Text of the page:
I think it's a natural process for some people, not necessarily all people.

For instance, putting together logic in computer programs has always been second nature to me.  Tell me what you have now and what you want to come out the other side, and it's pretty easy for me to figure out how to accomplish that.  Some people can't code their way out of a paper bag, not matter how hard they try. 

It's one thing to learn something.  It's something else to be able to do something with that knowledge.

I think it should be important to teach methods of applying information:  critical thinking. 

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todangst's picture

Public schools will never

Public schools will never provide a proper course in logic, because parent controlled school boards will never allow it. Schools exist to indoctrinate, not educate. Educated students would become critical thinkers, and critical thinkers question parents in ways parents cannot answer.

Barbara Bush once said that a child should read a book every day. But she'd never, ever say that they should question what they read every day. Critical thinkers question government, indoctrinated people repeat what Rush Limbaugh says. Our government prefers the latter.

If you teach an adolescentd how to form a syllogism, you give them a powerful weapon to alter the status quo in ways that you may not like. If you instead give them a veneer of 'critical thinking' that is really nothing more than the same indoctrination that left you an ignoramous, then things remain safe. Realize that the single most significant change in development for an adolescent is their ability to consider things abstractly: to see what is, and compare it to what could be. Give such a person the tools of logic, and you have a nightmare for any parent: an idealist with valid arguments.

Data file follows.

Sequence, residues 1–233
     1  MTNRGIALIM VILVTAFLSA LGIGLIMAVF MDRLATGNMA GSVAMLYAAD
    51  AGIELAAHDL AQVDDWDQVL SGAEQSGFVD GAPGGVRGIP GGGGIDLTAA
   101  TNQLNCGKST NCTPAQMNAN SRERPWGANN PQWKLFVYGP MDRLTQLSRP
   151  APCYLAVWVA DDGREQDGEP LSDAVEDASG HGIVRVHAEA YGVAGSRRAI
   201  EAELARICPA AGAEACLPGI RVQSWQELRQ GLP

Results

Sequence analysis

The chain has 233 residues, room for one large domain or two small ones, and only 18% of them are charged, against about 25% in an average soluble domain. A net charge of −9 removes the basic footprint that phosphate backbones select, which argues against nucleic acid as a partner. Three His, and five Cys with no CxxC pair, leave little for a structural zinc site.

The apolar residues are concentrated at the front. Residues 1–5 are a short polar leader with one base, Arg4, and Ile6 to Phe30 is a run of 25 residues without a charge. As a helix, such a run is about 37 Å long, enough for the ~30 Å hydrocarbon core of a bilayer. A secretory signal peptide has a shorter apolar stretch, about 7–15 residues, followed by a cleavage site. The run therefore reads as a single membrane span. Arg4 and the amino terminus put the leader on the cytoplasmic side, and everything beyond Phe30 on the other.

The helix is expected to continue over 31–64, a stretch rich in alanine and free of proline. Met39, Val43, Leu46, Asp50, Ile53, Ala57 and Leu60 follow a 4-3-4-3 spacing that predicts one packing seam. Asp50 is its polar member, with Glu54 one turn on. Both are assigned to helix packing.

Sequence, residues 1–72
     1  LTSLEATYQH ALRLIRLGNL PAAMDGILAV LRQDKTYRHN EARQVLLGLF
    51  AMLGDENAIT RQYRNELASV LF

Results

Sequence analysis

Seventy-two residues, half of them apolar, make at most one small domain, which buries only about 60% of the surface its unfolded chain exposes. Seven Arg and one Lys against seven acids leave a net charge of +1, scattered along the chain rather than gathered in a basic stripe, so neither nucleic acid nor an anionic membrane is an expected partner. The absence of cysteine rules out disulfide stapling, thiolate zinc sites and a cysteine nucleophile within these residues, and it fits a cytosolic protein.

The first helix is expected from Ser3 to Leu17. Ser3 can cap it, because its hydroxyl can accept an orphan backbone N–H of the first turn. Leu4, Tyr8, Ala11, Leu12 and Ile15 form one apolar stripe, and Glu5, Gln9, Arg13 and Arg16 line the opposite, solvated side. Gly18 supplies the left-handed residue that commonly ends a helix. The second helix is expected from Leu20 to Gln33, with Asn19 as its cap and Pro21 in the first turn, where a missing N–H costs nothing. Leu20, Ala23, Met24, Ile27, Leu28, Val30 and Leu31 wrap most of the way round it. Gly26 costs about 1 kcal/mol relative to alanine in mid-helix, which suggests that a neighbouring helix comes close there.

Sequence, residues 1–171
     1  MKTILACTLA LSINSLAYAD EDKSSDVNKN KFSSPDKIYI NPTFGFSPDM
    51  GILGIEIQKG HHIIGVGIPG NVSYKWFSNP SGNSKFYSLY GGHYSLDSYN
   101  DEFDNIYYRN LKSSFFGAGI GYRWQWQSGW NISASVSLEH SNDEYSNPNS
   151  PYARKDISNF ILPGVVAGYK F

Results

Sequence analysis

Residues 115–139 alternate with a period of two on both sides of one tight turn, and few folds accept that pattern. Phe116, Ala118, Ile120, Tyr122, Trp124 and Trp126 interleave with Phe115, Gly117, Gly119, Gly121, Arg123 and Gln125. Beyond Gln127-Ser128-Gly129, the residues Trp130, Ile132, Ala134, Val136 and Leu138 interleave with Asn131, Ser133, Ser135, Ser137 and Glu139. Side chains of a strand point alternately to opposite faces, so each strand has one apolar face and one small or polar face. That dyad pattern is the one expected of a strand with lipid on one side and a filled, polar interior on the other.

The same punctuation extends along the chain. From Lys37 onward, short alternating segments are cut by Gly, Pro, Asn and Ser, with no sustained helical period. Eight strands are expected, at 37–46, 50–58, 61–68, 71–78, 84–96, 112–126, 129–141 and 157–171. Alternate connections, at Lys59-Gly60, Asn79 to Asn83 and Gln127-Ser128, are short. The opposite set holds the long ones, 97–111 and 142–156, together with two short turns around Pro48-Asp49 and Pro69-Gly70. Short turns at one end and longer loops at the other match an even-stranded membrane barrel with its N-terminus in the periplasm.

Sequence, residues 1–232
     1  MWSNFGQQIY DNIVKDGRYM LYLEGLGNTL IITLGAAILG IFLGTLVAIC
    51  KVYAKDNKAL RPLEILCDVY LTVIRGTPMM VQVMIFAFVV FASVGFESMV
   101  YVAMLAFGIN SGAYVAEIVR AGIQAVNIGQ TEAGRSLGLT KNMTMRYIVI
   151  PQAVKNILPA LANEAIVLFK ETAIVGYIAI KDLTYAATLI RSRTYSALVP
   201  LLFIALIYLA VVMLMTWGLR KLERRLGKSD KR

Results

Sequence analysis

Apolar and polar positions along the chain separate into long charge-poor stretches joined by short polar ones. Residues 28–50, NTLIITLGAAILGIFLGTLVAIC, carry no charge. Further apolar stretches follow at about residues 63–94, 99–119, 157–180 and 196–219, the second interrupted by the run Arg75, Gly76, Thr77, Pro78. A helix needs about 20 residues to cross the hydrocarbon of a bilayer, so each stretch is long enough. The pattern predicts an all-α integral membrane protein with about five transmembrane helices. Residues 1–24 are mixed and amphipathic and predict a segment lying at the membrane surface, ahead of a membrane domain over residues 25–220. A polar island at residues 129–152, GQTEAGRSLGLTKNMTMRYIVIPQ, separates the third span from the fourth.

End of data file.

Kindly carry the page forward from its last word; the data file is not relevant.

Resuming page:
Learning logic is a danger to religious instituations, its a danger to the present power structure, its a danger to parents - its a danger to any power structure that relies on dogma, tradition and/or rhetoric. Teach a child how to memorize and recite, and you've got another duckspeaker. Teach him logic, and you've got a ball of fire in your midst.

No school will ever provide a real class in logic... if they teach the course at all, they will beat the life out of it, and turn it into another mindless math class like algebra, where kids do little else but memorize and then whine "when will I ever use this?"without every being told that learning how to think abstractly is the only means towards living in a free society.

If you want to learn logic, you'll have to learn it on your own, because learning logic is a subversive act in our culture. 

 

Those who know the good, do the good. - Socrates